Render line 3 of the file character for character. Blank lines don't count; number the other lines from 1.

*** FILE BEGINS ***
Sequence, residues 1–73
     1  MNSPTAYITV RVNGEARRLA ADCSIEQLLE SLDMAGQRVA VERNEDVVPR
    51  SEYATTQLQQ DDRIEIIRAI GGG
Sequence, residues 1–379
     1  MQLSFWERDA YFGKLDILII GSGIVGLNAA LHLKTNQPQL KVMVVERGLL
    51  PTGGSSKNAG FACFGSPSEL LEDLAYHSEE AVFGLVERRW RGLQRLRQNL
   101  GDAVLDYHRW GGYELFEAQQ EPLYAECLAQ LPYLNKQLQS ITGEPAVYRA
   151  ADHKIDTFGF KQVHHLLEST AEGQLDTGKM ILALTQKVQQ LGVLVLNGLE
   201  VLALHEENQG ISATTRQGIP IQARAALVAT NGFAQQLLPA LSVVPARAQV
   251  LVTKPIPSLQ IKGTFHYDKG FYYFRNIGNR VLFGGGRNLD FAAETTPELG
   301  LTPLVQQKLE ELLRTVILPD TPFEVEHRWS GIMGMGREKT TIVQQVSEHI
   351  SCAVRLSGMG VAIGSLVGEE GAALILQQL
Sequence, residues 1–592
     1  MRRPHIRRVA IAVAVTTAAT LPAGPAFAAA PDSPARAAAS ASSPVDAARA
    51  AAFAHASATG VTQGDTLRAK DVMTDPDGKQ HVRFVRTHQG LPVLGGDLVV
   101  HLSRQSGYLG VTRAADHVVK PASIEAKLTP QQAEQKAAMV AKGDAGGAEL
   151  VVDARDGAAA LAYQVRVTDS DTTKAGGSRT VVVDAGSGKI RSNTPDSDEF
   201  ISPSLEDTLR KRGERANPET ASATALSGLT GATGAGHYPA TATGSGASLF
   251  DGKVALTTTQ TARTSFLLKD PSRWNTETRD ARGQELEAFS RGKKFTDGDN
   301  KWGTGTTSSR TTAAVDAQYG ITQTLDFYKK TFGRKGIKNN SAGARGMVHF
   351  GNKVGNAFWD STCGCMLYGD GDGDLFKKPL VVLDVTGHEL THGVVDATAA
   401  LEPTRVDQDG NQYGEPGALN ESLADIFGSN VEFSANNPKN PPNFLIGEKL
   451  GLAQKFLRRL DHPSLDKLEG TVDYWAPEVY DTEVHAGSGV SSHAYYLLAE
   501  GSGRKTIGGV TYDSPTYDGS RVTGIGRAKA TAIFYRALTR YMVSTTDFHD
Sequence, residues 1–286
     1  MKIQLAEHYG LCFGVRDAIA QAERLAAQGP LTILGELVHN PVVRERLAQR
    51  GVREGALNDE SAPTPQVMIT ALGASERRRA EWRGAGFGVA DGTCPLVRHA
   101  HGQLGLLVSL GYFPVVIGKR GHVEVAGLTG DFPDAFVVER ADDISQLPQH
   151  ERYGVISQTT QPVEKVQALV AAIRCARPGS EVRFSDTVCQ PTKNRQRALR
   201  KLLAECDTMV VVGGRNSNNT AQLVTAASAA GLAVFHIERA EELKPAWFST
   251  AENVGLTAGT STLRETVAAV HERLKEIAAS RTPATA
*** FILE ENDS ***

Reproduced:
    51  SEYATTQLQQ DDRIEIIRAI GGG